International media has reported the theft of 2000 exhibits from the British Museum, in which the employees of the museum were allegedly involved and which happened in August this year.
The British Museum houses around 500 Georgian artifacts, the fate of which is still unclear. The Ministry of Foreign Affairs of Georgia and the Embassy of Georgia in Britain have not officially announced whether there were any Georgian treasures among the exhibits stolen from the museum.
Among the Georgian artifacts preserved in the British Museum is the King David Agmashenebeli copper coin, the only surviving coin with the image of David the Builder, which was created during his reign (1089-1125); Nino Wardrop’s necklace, with a cross that belonged to George XII; and bronze buckles dated to the 1st-2nd centuries. In addition to the exhibits listed above, coins from the time of Queen Rusudan, King Lasha-George and George XII are held in Britain.
NGO Sakdrisi Committee for Cultural Heritage appealed to the Ministry of Foreign Affairs of Georgia, the Ministry of Culture, Sports and Youth of Georgia and the Embassy of Georgia in Britain, to pay attention to the issue, and to find and publicize information about the current state of the Georgian exhibits, because they are part of the history of Georgia and priceless treasures.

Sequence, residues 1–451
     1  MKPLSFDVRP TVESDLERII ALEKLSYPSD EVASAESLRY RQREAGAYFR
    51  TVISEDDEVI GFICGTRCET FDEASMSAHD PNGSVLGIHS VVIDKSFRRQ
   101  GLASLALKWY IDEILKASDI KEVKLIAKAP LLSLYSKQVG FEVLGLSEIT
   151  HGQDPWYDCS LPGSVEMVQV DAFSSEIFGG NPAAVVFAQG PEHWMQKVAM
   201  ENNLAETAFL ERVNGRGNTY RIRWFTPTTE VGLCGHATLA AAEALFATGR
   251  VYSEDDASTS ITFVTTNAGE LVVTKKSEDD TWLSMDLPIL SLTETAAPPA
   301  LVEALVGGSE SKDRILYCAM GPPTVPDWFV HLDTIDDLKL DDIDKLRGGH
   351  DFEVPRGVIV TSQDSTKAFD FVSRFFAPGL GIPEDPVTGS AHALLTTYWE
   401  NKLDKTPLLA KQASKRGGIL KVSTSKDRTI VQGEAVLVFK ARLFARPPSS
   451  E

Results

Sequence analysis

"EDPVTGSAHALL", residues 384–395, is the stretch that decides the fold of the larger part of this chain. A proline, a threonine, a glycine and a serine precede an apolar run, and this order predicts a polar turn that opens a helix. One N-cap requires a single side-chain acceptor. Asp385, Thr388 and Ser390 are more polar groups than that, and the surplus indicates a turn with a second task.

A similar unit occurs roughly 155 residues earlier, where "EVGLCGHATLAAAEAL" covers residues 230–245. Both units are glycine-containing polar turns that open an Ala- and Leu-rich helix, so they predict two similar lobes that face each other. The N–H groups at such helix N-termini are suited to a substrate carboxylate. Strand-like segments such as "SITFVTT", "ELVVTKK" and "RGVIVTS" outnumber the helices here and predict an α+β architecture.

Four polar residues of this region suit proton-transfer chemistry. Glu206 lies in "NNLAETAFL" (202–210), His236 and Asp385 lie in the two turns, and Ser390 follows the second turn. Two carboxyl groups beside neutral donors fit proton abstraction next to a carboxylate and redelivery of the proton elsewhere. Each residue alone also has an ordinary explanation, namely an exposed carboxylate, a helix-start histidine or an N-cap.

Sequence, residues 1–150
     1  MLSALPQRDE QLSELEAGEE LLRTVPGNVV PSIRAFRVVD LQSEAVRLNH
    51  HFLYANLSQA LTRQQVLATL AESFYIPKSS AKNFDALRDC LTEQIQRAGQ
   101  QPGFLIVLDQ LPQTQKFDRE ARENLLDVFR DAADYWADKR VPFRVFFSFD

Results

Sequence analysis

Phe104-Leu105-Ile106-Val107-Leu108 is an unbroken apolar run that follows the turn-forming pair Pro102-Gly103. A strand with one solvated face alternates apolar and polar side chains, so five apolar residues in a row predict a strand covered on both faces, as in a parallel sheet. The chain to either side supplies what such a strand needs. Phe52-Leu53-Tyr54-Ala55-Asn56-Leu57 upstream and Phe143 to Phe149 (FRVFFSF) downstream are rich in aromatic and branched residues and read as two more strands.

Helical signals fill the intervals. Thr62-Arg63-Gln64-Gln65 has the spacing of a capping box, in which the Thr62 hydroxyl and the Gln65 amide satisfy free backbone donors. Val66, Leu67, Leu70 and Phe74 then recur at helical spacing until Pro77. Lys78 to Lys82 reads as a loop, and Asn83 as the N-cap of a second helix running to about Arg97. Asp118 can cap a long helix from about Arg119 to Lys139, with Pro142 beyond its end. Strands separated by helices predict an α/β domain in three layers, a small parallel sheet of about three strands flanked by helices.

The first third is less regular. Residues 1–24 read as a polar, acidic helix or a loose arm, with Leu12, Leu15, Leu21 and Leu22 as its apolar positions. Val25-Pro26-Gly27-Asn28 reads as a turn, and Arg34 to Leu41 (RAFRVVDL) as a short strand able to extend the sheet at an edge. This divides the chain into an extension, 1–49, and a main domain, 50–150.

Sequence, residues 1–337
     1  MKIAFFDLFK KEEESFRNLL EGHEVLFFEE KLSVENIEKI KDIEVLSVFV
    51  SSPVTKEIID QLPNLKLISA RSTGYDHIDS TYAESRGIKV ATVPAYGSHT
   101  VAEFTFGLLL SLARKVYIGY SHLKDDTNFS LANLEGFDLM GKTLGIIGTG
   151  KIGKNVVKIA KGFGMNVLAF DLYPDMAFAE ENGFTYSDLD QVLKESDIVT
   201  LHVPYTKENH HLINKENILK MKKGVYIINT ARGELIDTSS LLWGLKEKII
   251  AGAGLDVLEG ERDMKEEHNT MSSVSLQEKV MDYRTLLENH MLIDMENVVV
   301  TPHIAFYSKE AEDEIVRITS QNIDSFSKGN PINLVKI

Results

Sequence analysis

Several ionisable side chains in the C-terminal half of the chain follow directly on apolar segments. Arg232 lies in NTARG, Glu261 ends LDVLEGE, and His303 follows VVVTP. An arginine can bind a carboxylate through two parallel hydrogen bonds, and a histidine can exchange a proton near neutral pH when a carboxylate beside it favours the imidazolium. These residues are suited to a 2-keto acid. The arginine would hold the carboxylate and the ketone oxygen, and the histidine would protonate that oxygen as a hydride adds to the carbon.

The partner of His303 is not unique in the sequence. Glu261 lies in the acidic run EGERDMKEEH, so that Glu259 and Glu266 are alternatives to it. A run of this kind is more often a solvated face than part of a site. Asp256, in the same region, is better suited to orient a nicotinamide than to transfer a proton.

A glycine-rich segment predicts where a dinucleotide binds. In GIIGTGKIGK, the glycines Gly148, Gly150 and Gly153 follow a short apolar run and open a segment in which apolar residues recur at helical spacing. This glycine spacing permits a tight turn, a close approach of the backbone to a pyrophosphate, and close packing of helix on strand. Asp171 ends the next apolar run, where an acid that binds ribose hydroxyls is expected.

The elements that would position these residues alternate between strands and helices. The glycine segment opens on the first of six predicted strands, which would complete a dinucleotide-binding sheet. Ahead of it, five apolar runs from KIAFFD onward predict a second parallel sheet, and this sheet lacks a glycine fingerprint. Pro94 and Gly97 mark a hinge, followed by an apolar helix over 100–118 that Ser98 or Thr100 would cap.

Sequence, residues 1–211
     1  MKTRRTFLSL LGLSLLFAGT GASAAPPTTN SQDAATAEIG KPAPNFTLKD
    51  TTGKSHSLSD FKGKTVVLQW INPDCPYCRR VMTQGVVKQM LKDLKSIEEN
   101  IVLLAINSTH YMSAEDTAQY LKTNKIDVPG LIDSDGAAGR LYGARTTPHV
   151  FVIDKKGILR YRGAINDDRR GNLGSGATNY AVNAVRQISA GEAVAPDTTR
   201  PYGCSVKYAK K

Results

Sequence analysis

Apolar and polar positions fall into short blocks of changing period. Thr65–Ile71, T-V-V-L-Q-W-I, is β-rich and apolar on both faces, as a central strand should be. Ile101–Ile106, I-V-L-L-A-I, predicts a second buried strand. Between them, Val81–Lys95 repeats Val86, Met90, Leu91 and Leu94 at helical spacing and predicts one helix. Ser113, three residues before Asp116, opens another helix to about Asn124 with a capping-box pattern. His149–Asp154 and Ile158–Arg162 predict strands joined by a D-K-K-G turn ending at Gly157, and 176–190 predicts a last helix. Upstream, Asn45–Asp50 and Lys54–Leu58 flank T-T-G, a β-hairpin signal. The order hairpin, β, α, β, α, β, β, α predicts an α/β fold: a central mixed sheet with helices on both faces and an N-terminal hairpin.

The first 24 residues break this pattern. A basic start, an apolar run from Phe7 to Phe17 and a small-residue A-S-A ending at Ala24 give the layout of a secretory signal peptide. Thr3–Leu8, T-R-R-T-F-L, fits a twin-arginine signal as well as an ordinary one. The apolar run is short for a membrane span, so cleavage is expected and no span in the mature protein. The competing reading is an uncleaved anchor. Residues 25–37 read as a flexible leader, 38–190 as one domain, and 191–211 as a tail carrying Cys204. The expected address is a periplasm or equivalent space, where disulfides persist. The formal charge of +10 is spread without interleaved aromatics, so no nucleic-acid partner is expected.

The museum’s administration says 60 artifacts have already been returned, and the chairman of the museum, George Osborne, says it will be possible to return about 350 artifacts in the near future. The fate of the rest of the lost exhibits is unclear.
On August 25, the director of the British Museum, Hartwig Fischer, resigned. The museum says the 2000 stolen artifacts are domestic crimes carried out by individuals the museum has trusted for years.